Interestingly, God makes this covenant alone in the mystical ceremony establishing the covenant. Moses only prepares the sacrifice and sleeps while God moves between the pieces (Genesis 15:9-18). Circumcision became the symbol of the covenant.

After Israel experienced deliverance from slavery in Egypt, the people made a covenant with God at Mount Sinai. We often refer to this as the Law, the Old Covenant, or the Mosaic Covenant, compromising the laws, commandments, and ordinances that govern Israel’s religious, moral, and social life. It established the Holy Tabernacle and details regarding holy places within it. The Law contained several feasts and celebrations to remember God’s work, like the Sabbath, Passover, Year of Jubilee, Pentecost, and the Feast of Tabernacles.

The Aaronic Covenant, named for Moses’ brother Aaron, primarily instituted the priesthood within Israel’s religious system. It outlined the priesthood’s responsibilities and privileges, including sacrificial regulations, tabernacle maintenance, and mediation between God and people.

The Davidic Covenant, made with King David, focused on promising an eternal kingdom and dynasty. God pledged to establish David’s throne forever, ensuring one of his descendants would perpetually rule over Israel. This covenant highlighted God’s commitment to fulfill his redemptive purposes through David’s lineage. It also foreshadowed the coming of the Messiah, who would reign as the Davidic promise’s ultimate fulfillment, ushering in a kingdom of righteousness and peace.

How Does the New Covenant Fulfill the Old Covenants?

All promises and covenants are fulfilled in the person of the Lord Jesus Christ.

The apostle Paul primarily refers to the Abrahamic Covenant in his writings. Since Paul had been called to the Gentiles, the promise to bless all nations makes sense as the ultimate fulfillment through Jesus, Abraham’s descendant. The new covenant preaches circumcising the heart for both men and women, not an outward mark on a male body part. Also, the new covenant is between God and Jesus, and it is not dependent upon humanity to fulfill it.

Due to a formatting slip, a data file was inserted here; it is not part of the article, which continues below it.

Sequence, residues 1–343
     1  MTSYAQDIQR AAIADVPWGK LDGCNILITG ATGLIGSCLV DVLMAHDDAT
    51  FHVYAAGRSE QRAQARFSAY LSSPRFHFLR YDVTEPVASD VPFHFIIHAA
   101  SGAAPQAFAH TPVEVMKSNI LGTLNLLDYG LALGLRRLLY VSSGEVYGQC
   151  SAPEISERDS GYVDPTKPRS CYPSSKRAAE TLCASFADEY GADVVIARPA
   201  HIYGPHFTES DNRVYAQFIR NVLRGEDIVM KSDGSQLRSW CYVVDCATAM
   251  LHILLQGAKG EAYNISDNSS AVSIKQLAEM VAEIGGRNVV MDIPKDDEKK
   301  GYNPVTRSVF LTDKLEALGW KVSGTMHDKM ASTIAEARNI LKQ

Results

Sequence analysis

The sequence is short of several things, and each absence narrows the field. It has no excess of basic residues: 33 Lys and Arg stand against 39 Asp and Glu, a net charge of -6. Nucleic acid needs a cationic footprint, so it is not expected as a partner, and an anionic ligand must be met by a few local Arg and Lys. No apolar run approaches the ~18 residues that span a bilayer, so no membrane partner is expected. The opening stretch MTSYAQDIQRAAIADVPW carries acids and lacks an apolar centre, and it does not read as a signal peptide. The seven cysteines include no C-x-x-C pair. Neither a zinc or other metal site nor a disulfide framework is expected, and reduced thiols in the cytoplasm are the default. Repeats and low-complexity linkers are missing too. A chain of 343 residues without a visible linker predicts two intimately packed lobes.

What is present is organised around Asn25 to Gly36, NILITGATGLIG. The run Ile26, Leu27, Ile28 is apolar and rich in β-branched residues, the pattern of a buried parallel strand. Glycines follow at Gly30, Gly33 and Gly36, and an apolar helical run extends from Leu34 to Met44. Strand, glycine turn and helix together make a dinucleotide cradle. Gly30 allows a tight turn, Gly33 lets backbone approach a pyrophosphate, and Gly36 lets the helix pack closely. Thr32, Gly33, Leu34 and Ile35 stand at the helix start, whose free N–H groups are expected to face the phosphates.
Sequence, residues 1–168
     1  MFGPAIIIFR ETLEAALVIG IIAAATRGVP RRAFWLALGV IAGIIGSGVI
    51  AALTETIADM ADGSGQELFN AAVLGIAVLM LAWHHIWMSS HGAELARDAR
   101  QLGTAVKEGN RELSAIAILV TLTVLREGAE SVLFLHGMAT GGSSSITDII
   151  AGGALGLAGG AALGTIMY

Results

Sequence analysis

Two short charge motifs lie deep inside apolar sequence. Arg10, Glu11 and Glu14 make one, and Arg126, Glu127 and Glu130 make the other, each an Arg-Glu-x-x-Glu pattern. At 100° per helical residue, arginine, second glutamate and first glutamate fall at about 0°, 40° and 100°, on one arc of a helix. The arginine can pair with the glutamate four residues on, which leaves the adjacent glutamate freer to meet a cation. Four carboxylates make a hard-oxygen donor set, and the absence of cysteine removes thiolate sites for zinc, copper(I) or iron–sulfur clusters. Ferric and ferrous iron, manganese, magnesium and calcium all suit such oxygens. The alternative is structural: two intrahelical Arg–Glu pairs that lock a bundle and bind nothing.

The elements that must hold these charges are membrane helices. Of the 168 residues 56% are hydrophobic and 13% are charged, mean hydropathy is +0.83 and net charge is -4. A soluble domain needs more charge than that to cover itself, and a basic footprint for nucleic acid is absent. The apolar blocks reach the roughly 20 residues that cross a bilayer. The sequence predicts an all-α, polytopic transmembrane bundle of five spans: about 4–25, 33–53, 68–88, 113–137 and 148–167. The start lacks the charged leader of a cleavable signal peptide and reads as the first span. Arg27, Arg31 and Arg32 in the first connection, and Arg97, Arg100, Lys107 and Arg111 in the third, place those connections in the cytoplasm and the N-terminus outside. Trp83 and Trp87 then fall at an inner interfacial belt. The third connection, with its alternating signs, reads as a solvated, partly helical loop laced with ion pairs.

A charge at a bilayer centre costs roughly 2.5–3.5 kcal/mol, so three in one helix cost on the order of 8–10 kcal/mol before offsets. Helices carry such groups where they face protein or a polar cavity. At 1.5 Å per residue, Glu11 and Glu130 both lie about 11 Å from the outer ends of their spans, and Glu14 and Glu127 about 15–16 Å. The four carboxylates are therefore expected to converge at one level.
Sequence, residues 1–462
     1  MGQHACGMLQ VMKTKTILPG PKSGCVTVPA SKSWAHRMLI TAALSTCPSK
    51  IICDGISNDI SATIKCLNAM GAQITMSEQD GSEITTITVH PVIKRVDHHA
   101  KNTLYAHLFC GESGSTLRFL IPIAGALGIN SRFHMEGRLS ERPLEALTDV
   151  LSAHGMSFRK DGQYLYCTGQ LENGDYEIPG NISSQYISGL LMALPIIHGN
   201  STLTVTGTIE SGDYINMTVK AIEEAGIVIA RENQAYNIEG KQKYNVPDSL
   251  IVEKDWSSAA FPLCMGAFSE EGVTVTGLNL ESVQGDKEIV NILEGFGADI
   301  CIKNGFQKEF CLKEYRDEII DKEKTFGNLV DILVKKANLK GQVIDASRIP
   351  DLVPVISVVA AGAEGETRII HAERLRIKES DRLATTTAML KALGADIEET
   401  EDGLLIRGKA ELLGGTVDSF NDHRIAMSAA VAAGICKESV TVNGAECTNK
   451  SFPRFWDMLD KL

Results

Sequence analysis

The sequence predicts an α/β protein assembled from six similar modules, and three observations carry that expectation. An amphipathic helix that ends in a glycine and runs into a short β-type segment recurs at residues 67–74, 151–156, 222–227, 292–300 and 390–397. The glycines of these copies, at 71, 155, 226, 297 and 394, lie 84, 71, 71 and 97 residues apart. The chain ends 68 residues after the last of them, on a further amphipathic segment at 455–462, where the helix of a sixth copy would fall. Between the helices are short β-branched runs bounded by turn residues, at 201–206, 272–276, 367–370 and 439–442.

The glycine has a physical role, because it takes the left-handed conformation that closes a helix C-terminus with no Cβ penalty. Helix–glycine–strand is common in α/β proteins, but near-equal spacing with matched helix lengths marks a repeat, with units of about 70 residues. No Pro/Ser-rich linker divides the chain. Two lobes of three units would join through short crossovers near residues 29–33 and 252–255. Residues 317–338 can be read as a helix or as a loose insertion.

For the Old Covenant, Jesus reveals himself as the ultimate meaning of the Passover, and Revelation worships Jesus as the lamb that was slain. No longer an outward law, we follow the new laws of freedom and liberty (James 1:25) and Spirit and life (Romans 8:2). We find freedom in Christ. At Christ’s death, the Temple’s torn veil shows we now have access to the holiest places in heaven. Jesus fulfills the Aaronic Covenant, becoming the immortal High Priest, the best intercessor between God and humanity.

Finally, Jesus completed the Davidic Covenant. He came as the Christ, the Messiah. For this reason, Luke and Matthew take time to trace Jesus’ Davidic lineage. When the nation of Israel first asked the judge/prophet Samuel for a king, God declared they rejected him as their king (1 Samuel 8). The Davidic Covenant, through Jesus, gives us back God as our king. We don’t need an earthly one.

The Davidic Covenant promises the Messiah will establish a righteous, eternal kingdom. Jesus taught extensively about the Kingdom of God through parables and miracles. Jesus’ Gospel was, “Repent for the Kingdom of God is at hand” (Matthew 4:17). The book of Revelation reveals this future Kingdom.

What Does the New Covenant Mean for Us Today?